More than half of the country’s governors are now rejecting the federal government’s call to absorb Syrian Muslim refugees; 27 states total have come out against President Obama’s resettlement plan.
On Tuesday, New Jersey Gov. Chris Christie penned a letter directly to the White House, explicitly rejecting Obama’s program. “As Governor, my Number One obligation and sworn oath is to keep the resident of New Jersey safe. The threat posed to ISIS is very real. I write to inform you that I will not accept any refugees in the wake of the deadly terrorist attack in Paris,” begins the letter. The Republican presidential candidate has been one of most vocal critics of the plan, joining governors across the country in their opposition to the federally imposed mandate.
"After full consideration of this weekend’s attacks of terror on innocent citizens in Paris, I will oppose any attempt to relocate Syrian refugees to Alabama through the U.S. Refugee Admissions Program,” declared Alabama Gov. Robert Bentley (R).
State officials that were nominally in favor of the resettlement program quickly changed their tune in the wake of the recent terrorist attacks. While Michigan Gov. Rick Snyder (R) initially worked with federal agencies to take in refugees, he recently issued a statement that illustrated support for the victims of violence in the Middle East, but rejected further cooperation with the federal government, saying: “Our first priority is protecting the safety of our residents," "It’s also important to remember that these attacks are the efforts of extremists and do not reflect the peaceful ways of people of Middle Eastern descent here and around the world."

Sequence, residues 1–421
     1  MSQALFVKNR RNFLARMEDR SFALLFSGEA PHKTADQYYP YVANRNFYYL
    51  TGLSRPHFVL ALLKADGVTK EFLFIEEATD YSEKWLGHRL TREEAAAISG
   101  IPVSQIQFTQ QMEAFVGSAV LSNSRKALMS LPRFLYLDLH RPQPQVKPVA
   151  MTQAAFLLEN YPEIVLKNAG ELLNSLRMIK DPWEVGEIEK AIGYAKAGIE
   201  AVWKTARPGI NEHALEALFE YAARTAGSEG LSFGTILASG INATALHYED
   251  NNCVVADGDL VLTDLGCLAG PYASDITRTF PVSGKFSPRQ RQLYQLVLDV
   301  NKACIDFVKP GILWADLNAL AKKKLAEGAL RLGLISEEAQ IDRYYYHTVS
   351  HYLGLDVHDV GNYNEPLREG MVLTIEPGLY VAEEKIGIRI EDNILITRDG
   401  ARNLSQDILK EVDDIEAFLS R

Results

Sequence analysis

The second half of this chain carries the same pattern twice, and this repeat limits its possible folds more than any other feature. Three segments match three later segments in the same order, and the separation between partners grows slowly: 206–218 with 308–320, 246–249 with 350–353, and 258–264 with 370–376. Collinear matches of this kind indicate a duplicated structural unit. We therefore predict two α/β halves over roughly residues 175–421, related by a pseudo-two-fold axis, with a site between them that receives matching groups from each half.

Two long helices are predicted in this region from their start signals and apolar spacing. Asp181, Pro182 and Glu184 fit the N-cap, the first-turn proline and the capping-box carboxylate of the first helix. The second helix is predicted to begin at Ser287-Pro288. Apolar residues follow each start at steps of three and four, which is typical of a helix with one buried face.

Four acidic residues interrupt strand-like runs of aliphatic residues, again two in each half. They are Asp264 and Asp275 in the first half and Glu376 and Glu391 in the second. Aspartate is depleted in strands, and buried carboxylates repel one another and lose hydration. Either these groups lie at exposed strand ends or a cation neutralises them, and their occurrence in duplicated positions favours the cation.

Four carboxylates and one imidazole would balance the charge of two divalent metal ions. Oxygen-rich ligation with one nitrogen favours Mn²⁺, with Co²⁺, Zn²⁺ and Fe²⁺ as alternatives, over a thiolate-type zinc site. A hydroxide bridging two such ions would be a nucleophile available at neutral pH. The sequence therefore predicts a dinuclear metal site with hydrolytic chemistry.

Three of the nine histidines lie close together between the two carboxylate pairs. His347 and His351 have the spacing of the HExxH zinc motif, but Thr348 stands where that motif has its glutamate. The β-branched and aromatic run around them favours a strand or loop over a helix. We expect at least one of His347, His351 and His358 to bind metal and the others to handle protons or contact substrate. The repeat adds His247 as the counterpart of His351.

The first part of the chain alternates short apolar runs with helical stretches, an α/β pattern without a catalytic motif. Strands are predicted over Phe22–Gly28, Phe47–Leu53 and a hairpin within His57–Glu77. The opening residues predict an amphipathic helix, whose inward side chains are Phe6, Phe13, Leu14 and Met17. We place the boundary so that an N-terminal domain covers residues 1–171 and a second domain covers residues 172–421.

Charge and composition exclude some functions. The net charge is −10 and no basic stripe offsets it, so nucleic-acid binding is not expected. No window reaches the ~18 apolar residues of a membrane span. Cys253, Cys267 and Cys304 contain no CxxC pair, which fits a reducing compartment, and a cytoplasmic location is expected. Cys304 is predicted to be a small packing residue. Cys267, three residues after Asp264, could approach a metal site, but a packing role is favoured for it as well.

Despite resistance from the states, the federal government has nonetheless plowed forward and pushed its resettlement under the legal authority of the Refugee Resettlement Act of 1980. “Lavinia Limon, president and CEO of the U.S. Committee for Refugees and Immigration, said under the Refugee Act of 1980 governors cannot legally block refugees. Each state has a refugee coordinator, a post created as part of that law, she said. Funded by the federal government, the post coordinates resettlement efforts with agencies such as hers and directs federal funds for refugees,” reports The Blaze. “Westy Egmont, director of Boston College’s Immigrant Integration Lab, said the law previously withstood state challenges partly because the federal government has worked to equally distribute refugees being resettled. Some states have worked with resettlement agencies to limit new refugee arrivals to those with family ties to the community while families or individuals with no ties to a specific state have been sent to other locations with better prospects for jobs, housing and integration programs.”
State governors will find it difficult to challenge the White House, especially considering the relevant case law and Supreme Court precedent. In fact, the Court’s decision in Truax v. Raich (1915) appears to provide concrete legal weight to the Obama administration’s position, tipping the scale in favor of the federal authority over state governments. “The assertion of an authority to deny to aliens the opportunity of earning a livelihood when lawfully admitted to the State would be tantamount to the assertion of the right to deny them entrance and abode, for in ordinary cases they cannot live where they cannot work," the Court stated. "And, if such a policy were permissible, the practical result would be that those lawfully admitted to the country under the authority of the acts of Congress, instead of enjoying in a substantial sense and in their full scope the privileges conferred by the admission, would be segregated in such of the States as chose to offer hospitality."
Reason explains, “Congress possesses the constitutional power to regulate the admission of aliens to the United States. Once an alien has been lawfully admitted under federal law, no state may ‘deny them entrance and abode.’ That standard plainly covers the treatment of Syrian refugees that have been lawfully admitted to the United States.”
While symbolic declarations of rejection and robust debate continue surfacing, state governments will ultimately lack the legal muscle to challenge the White House’s Syrian Muslim refugee resettlement policy.